A Primer on Extramammary Paget's Disease for the Urologist

Joon Yau Leong; Paul H. Chung


Transl Androl Urol. 2020;9(1):93-105. 

In This Article

Epidemiology & Pathophysiology

The incidence of EMPD has been reported to be as low as 0.12 per 100,000 people and represents 21% of primary scrotal cancers and 2% of primary vulvar cancers, respectively.[5–7] With regards to gender and racial preponderance, Asian men seem to have a fourfold increased risk of being diagnosed with EMPD when compared to their Caucasian counterparts.[1,8] Previous studies have also reported a female predominance in Caucasian populations (M:F ratio of 1:2–1:7) with the opposite being true among the Asian population (M:F ratio of 2:1–4:1).[5] EMPD represents 6.5% of all cutaneous Paget's disease and it predominantly affects patients between ages 50 to 80 years, with a peak age of 66 years old.[9–11] The most common sites affected by EMPD is the vulva (65%), followed by the perianal region (20%) and subsequently the penoscrotal and groin areas (14%).[12]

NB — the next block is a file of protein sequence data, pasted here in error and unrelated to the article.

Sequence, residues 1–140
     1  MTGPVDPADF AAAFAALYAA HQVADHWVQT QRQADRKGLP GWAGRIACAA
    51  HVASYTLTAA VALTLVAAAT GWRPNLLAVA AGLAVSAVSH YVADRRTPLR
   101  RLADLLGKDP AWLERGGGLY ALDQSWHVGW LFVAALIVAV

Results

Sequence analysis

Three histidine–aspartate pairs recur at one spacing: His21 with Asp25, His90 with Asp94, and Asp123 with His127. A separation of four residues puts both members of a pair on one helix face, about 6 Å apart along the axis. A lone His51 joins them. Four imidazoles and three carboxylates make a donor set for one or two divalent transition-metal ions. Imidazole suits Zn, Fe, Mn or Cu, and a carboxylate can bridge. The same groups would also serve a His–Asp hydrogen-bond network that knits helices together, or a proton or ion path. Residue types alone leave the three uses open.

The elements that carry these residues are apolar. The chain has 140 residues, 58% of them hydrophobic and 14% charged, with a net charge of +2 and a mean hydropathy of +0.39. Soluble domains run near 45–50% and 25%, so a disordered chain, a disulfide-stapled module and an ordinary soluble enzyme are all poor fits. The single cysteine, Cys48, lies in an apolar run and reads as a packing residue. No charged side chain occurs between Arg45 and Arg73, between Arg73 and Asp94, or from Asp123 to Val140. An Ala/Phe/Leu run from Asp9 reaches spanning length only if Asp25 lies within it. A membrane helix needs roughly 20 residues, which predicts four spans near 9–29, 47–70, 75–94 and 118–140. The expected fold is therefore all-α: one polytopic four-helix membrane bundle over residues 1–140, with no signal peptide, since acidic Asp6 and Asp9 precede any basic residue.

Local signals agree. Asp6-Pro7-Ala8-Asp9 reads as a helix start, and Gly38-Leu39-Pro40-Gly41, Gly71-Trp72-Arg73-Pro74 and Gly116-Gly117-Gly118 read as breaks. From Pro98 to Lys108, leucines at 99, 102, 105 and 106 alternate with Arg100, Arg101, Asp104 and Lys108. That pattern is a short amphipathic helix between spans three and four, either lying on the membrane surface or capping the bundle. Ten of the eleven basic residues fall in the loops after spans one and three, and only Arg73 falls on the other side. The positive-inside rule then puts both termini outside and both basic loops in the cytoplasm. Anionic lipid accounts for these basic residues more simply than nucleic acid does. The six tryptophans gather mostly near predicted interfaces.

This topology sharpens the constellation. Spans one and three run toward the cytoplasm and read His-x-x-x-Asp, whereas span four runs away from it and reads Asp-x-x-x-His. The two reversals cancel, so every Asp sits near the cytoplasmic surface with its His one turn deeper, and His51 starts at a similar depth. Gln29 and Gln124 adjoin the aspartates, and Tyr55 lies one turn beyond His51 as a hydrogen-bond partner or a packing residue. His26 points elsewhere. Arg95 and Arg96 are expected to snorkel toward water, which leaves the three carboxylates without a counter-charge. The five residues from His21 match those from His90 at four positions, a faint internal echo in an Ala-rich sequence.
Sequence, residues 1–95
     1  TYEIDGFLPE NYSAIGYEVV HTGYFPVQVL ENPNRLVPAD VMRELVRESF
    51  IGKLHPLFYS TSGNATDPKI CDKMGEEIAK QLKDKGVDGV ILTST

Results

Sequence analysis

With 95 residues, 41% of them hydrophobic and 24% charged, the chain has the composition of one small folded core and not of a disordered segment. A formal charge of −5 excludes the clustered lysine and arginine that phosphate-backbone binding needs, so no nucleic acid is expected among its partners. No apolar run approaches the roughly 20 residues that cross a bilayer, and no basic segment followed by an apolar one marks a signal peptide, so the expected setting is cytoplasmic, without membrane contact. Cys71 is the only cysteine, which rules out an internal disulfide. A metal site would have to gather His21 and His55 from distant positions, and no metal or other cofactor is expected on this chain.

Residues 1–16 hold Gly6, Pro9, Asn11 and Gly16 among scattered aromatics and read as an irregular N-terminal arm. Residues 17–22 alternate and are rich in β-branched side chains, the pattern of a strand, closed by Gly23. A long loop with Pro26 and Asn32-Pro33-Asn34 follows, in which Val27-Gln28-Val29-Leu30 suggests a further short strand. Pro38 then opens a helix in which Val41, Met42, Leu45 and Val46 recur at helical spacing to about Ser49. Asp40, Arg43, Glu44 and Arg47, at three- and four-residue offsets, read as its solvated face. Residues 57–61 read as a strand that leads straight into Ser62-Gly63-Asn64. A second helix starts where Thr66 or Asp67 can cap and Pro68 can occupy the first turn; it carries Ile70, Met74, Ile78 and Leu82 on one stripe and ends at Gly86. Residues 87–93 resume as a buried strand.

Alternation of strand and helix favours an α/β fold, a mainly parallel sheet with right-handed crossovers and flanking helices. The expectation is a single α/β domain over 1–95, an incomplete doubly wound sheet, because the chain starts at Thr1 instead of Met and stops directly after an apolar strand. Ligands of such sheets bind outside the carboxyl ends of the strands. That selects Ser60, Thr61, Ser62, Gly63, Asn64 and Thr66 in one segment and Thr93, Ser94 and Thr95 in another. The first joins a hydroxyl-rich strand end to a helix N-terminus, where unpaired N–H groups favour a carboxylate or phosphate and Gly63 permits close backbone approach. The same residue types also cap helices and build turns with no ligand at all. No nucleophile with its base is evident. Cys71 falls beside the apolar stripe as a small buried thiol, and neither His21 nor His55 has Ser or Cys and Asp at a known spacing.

Two prognostically distinct pathogenesis of EMPD have been described.[13] In the primary or intraepidermal form, carcinoma develops in situ from the apocrine gland ducts and is less commonly associated with an underlying malignancy; however, it is still capable of invading the dermal layers and metastasizing over time.[14] In contrast, the secondary form arises from an epidermotropic spread of malignant cells from a primary tumor within a contiguous epithelium, such as the genitourinary or gastrointestinal tract, or from a dermal adnexal gland.[15,16]